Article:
Functional Difficulties Questionnaire assessments for test–retest reliability were separated by as little as 2 hours. This was a necessary compromise between research and practicality requirements, as some assessments occurred within a busy acute hospital and often on the day of discharge. This is the time when patients have reviews by a number of health professionals (e.g. pharmacist, nursing, medical, and allied health), in addition to getting themselves ready for home. A longer time separation between assessments posed a risk to delaying patient flow within the hospital by delaying discharges, or missing assessments altogether. However, there was the possibility that individuals may have remembered how they initially scored the FDQ, and this could impact on the test–retest reliability results. Intuitively, it would seem that markings made on a VAS would be less likely to be remembered than other forms of scoring, such as Likert scales, and the volume of activity before discharge may have minimized this likelihood.
It is possible that pain may have had an impact on FDQ scores between tests for the test–retest reliability study. Therapists ensured individuals had received charted analgesia, and that this had occurred at least 30 minutes before commencement of the FDQ; however, it is still possible that variations in pain levels may have occurred and this is a limitation of the study.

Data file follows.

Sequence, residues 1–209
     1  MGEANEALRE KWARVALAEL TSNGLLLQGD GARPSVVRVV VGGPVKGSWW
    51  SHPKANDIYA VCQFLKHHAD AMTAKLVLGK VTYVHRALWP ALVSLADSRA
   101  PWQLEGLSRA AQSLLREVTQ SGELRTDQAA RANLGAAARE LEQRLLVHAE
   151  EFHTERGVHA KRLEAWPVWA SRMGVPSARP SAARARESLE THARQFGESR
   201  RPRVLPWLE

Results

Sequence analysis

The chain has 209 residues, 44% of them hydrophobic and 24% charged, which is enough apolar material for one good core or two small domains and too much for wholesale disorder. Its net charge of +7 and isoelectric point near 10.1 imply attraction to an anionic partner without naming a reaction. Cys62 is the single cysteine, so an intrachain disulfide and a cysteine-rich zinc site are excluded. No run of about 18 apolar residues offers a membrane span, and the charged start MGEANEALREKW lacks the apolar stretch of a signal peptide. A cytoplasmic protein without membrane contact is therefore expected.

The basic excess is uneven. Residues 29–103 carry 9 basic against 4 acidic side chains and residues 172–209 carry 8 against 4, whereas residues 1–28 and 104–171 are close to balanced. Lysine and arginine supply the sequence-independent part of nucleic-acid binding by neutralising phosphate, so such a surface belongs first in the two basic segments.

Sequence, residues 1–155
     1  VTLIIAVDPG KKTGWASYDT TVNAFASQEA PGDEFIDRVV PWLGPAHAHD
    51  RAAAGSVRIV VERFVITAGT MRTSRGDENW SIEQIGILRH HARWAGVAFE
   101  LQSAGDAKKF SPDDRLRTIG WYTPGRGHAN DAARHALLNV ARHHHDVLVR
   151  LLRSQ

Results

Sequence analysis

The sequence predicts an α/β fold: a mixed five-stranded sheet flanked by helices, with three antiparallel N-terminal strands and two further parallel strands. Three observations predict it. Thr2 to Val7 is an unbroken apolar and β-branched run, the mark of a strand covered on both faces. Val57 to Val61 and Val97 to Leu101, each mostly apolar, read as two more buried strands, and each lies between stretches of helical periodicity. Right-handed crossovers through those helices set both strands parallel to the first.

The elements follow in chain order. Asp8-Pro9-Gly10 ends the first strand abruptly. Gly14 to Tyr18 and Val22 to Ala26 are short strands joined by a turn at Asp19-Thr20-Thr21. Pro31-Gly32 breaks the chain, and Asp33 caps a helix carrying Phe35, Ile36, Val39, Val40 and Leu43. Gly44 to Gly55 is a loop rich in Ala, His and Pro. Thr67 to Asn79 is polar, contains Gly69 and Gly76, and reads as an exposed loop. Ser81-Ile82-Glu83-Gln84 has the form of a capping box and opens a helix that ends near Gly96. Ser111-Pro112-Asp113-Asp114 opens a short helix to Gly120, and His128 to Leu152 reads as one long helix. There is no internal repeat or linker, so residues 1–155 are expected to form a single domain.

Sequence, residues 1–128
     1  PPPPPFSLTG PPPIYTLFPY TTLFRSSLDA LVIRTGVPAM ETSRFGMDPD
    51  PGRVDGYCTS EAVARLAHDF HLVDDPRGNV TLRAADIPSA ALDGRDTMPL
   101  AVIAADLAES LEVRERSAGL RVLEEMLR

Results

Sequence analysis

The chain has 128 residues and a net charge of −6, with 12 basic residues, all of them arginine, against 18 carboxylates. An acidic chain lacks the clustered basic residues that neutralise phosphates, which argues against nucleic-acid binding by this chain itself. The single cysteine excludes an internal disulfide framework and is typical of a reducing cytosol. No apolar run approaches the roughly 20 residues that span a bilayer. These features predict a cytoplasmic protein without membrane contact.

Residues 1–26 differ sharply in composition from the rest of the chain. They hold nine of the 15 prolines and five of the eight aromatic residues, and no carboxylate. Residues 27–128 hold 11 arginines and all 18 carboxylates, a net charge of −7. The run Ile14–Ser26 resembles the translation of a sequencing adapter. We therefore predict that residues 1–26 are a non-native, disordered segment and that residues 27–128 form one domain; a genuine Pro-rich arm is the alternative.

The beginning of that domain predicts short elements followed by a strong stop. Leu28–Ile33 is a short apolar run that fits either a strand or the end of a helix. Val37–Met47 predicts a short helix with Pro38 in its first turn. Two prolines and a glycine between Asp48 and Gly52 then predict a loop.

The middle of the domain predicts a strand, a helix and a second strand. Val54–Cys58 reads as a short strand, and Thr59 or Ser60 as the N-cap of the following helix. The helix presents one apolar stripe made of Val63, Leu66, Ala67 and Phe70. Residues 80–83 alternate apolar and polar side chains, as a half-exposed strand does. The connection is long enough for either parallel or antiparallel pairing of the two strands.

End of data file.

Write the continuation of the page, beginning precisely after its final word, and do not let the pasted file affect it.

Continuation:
The FDQ is a reliable, responsive, and valid tool and it has demonstrated good internal consistency in the cardiac surgery population. It may be suitable for use by clinicians and researchers investigating the thoracic region, as there is no alternative tool that specifically evaluates physical function or the effectiveness of interventions in this area. As such, the FDQ warrants further investigation in varied surgical and medical populations.
The authors acknowledge Alexandra Cain, who assisted with data collection for part B.
Functional Difficulties Postcardiac Surgery Questionnaire
Please mark on each of the lines below the level of difficulty that you experience when completing each of the following tasks. Make sure you read each question fully, as it will explain to you the exact way in which the task has to be completed.
Feel free to try any of the activities (where appropriate) while you are completing the questionnaire. For those activities you cannot trial whilst filling out the questionnaire, think back to the last time you did them.
Functional Difficulties Questionnaire Postcardiac Surgery Outcome Measure Protocol Equipment:
- Subject sits at a desk/table to complete the survey